Why Interpreter Pattern can not be used for complex grammar

HI, guys,

I have a question about the Interpreter Pattern. I think that pattern is good and flexible. But according to information from some websites, it is said the g++ compiler and microsoft visual c++ compiler are all hand written recursive descent parser. But I think Interpreter Pattern is the most natural way to implement a recursive descent parser. I meet with the problem when I was reading source code of Lua 5.1. So I guess neither g++ or microsoft c++ compiler uses Interpreter Pattern as an approach to implement.

Besides, in a web page( http://www.vincehuston.org/dp/interpreter.html ) I saw this "The pattern doesn't address parsing. When the grammar is very complex, other techniques (such as a parser) are more appropriate." I don't understand why Interpreter Pattern is not capable of complex grammar. Please help me understand if you have any clue of this.

Btw, I don't understand why they use recursive descent parser other than Yacc to generate a parser. Yacc doesn't have to trace back during parsing and yacc can do some optimization to state switch table of parser.

Comments

  • edited November -1
    Hi,

    I'm not familiar with compilers. The same things I read about interpreter pattern, that is used only for simple grammars.

    I was curious and I googled a little bit and I found a few things:

    http://alumni.media.mit.edu/~tpminka/patterns/Interpreter.html

    Python uses the Interpreter pattern to generate bytecode for a parse tree. Other languages also do type checking, type reconstruction, and optimization analyses like liveness analysis. The optimization itself is usually not done by successive traversal, but rather by dynamic programming.
    SCM, a Scheme interpreter, directly executes the parse tree, making small optimizations as it goes along. SCM is now called Guile.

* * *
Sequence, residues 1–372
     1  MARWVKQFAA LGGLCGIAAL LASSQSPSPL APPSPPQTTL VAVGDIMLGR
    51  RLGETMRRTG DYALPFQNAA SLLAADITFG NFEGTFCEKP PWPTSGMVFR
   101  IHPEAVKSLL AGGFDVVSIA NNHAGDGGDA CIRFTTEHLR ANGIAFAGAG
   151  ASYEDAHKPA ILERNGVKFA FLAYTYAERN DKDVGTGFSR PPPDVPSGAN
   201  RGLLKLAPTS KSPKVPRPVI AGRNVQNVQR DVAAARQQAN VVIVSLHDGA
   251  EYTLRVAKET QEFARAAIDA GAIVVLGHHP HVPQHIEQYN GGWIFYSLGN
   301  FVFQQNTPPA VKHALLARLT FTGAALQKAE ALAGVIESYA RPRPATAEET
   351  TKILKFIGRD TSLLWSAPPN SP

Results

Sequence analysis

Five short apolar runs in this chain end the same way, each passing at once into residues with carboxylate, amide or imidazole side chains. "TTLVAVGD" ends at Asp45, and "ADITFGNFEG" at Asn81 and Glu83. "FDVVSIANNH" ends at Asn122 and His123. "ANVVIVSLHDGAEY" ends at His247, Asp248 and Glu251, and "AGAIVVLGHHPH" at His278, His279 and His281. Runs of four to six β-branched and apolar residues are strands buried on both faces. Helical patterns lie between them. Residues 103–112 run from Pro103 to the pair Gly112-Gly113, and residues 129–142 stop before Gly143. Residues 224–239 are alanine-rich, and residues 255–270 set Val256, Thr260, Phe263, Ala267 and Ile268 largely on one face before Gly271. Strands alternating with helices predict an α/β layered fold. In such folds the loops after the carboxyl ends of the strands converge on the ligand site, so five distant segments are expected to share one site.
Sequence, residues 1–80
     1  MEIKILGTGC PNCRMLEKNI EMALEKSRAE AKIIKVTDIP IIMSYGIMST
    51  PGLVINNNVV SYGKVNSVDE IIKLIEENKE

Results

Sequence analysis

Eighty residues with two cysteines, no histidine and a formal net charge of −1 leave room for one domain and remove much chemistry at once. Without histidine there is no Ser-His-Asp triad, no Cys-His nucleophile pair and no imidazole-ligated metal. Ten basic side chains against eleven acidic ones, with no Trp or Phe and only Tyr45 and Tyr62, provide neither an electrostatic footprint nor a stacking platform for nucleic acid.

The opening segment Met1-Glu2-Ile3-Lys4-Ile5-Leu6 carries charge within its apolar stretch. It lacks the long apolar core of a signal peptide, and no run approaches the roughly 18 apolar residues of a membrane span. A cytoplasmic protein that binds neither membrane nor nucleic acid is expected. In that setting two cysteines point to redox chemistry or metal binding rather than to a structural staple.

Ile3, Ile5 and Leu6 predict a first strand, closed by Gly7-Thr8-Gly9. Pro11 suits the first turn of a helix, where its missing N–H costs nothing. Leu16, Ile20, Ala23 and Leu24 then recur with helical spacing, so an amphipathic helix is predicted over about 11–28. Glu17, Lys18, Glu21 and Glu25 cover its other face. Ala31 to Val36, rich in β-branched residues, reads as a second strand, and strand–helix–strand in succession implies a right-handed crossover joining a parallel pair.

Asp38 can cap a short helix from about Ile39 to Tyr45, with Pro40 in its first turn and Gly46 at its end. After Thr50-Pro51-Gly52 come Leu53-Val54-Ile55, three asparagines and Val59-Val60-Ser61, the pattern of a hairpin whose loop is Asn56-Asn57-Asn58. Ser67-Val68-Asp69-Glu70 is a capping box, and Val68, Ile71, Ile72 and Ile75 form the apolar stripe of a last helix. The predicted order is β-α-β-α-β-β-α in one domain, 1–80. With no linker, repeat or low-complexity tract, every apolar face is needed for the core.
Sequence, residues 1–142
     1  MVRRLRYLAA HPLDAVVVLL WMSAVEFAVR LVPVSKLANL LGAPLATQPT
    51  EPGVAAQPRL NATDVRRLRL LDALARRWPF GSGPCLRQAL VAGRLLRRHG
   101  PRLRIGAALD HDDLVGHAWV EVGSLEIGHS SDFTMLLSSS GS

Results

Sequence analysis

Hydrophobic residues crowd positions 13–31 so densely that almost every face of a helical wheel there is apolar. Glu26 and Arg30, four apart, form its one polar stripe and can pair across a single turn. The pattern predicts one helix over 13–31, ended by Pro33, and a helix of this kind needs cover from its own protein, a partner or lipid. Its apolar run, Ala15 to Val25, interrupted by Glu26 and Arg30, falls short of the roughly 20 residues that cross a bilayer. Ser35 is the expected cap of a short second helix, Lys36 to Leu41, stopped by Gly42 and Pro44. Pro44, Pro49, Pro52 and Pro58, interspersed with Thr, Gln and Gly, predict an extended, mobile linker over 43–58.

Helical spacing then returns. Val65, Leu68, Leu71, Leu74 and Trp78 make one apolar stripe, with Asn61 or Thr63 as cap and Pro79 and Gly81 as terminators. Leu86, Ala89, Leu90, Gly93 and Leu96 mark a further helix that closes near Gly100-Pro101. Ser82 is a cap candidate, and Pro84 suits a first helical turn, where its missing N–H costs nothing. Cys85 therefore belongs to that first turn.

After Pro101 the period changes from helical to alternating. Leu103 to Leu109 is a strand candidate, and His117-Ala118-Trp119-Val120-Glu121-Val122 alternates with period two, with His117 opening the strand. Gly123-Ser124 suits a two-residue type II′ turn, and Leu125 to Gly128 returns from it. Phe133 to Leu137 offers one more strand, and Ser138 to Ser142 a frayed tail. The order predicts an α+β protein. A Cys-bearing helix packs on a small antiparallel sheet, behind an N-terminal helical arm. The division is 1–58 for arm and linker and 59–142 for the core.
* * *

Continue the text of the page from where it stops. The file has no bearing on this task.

Inventor/VRML uses the Interpreter pattern to render a graphical scene. Nodes may define geometry like cones, cubes, and polygonal meshes, may alter the drawing state like current color or 3D position, may spontaneously produce information like detecting collisions or reporting the current time, or may modify other nodes in order to maintain constraints. Thus the tree can embed information about how it should change to form an animation. Inventor uses the node sharing, default action, liveness analysis, and caching techniques.
    Text editors and Web browsers use the Interpreter pattern to lay out documents and check spelling. For example, an equation in TeX is represented as a tree where internal nodes are operators, e.g. square root, and leaves are variables.

    I also found on wikipedia that Interpreter pattern is used for:

    Specialized database query languages such as SQL.
    Specialized computer languages which are often used to describe communication protocols
    Most general-purpose computer languages actually incorporate several specialized languages.

    In other place I found that the interpreter is not used for compilers and complex grammars because it's not efficient: http://www.ddj.com/cpp/184401605. This could be a reason...

    Please let us know if you find something interesting...
  • edited November -1
    Thank you , Cubic, i learned an useful optimization approach, template in your links.

    I don't think virtual function call could consume so much efficiency in the implementation of a compiler. I know the mechanism, but generally those trade off is quite small, like 10% at most. Still I'm a little curious about that.